NAIROBI, Kenya (AP) — South Sudan's government on Friday agreed to end hostilities, regional leaders said at the end of a crisis summit, raising hopes for a potential breakthrough in efforts to cease violence that has displaced more than 120,000 people in the world's newest country.
East African leaders meeting in Kenya under a bloc called IGAD said in a statement Friday that they "welcomed the commitment by (South Sudan's government) to an immediate cessation of hostilities."
But former Vice President Riek Machar, Kiir's political rival who is accused of orchestrating a failed coup that the government says sparked unrest across the oil-producing country, was not represented at the summit in the Kenyan capital of Nairobi.
The leaders' joint statement said Machar is urged to "make similar commitments" to end hostilities.
Machar, the alleged leader of renegade forces now in control of some parts of South Sudan, remains a fugitive wanted by the military. At least 10 of his political allies are in detention for their roles in the alleged coup plot. Machar denies there was a coup attempt, and some officials with the ruling party insist violence broke out when presidential guards from Kiir's majority Dinka tribe tried to disarm guards from the Nuer ethnic group of Machar, leading to wider military clashes along ethnic lines.
Machar, an influential politician who appears to command the loyalty of Nuer army officers, has criticized Kiir as a dictator and says he will contest the 2015 presidential election. Kiir had fired Machar as his deputy in July following a power struggle within the ruling party, stoking ethnic tensions in a country with a history of divided military loyalties.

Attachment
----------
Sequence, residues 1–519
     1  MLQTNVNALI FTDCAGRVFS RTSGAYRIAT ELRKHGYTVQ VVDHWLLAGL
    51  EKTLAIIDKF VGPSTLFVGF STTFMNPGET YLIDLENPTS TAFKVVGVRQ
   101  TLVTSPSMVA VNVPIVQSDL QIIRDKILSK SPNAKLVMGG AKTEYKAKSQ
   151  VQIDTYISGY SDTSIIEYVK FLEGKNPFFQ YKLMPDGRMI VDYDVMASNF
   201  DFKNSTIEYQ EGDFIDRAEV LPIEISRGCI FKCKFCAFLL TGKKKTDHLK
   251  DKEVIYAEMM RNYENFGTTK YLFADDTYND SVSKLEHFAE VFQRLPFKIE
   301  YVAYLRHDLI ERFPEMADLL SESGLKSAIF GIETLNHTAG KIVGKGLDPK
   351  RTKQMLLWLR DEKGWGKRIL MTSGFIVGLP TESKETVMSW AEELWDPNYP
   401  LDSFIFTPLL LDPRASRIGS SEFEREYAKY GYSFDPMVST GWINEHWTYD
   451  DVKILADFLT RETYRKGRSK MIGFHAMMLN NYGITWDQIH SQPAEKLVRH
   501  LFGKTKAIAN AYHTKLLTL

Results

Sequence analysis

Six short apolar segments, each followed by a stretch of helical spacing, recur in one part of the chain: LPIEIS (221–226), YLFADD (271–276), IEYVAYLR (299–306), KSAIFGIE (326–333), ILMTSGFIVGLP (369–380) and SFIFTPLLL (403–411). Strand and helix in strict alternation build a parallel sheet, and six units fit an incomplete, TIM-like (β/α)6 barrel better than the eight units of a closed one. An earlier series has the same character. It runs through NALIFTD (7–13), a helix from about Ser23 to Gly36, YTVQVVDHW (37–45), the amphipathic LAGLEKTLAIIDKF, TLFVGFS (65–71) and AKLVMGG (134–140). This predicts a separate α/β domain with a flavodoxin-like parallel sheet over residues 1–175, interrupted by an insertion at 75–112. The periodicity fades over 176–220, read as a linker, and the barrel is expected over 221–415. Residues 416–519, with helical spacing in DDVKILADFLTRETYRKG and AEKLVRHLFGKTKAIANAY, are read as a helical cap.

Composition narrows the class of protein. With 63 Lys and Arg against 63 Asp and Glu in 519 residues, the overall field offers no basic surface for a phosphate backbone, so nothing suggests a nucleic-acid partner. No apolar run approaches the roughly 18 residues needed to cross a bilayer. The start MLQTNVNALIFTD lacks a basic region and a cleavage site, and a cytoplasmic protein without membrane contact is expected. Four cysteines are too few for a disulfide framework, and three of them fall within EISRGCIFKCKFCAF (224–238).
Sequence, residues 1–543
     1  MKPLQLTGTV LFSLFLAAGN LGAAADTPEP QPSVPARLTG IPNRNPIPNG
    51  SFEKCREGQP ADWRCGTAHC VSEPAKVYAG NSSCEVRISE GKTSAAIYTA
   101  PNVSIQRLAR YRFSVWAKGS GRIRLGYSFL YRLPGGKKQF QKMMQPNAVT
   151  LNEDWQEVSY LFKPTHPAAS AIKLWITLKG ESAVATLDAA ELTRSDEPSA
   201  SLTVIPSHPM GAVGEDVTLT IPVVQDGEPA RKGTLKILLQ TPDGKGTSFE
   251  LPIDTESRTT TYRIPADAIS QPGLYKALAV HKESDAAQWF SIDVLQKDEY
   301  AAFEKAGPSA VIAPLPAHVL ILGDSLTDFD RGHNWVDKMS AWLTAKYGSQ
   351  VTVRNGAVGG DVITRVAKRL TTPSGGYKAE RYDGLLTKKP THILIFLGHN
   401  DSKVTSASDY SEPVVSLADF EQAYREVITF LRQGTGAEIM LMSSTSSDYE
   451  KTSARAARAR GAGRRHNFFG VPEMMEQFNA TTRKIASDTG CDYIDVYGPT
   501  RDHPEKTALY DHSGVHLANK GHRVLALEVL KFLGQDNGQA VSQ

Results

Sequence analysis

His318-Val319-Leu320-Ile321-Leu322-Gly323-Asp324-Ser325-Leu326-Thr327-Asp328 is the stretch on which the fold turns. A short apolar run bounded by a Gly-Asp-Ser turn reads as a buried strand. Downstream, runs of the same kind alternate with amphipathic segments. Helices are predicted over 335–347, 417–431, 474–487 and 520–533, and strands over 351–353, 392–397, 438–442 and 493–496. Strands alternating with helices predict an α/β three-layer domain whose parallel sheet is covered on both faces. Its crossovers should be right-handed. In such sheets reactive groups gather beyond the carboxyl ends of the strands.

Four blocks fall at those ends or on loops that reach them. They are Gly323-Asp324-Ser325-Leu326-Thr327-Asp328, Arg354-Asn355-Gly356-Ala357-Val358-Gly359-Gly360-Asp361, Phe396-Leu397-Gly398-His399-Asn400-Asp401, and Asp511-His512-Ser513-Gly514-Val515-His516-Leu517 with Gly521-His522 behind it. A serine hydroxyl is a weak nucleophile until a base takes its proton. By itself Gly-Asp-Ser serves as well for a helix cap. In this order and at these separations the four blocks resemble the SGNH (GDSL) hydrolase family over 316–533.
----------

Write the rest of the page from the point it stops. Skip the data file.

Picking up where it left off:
IGAD said it opposes a violent change of government in South Sudan and urged Kiir and his rivals to start peace talks before the end of 2013.
In a speech at the Nairobi summit, Kenyan President Uhuru Kenyatta had noted that there is "a very small window of opportunity to secure peace" in South Sudan, where fighting since Dec. 15 has raised fears of full-blown civil war.
South Sudan peacefully broke away from Sudan in 2011 after decades of a brutal war of independence fought against Sudan. The young country has been plagued by corruption, ethnic tension, and a power struggle within the ruling party that pits Kiir against Machar.
The number of internally displaced people continues to rise, with many seeking shelter at U.N. compounds across the country. There are sporadic military clashes in the oil-rich states of Unity and Upper Nile, potentially endangering the oil revenues that South Sudan depends on to keep the government running.
The U.N. said aid agencies need at least $166 million to save lives.
The top U.N. humanitarian official in South Sudan, Toby Lanzer, said earlier this week that he believes the death toll has surpassed 1,000. The U.N. also is investigating alleged mass killings in the latest violence.
"We have heard reports of extra-judicial killings, arbitrary detentions of civilians, ill-treatment, abuse and also mass graves," said Hilde Johnson, head of the U.N. mission in South Sudan. "Our human rights officers have been working around the clock, throughout this crisis, and they are investigating these reports and allegations."
Straziuso reported from Juba, South Sudan. Associated Press reporter Rodney Muhumuza contributed to this report from Kampala, Uganda.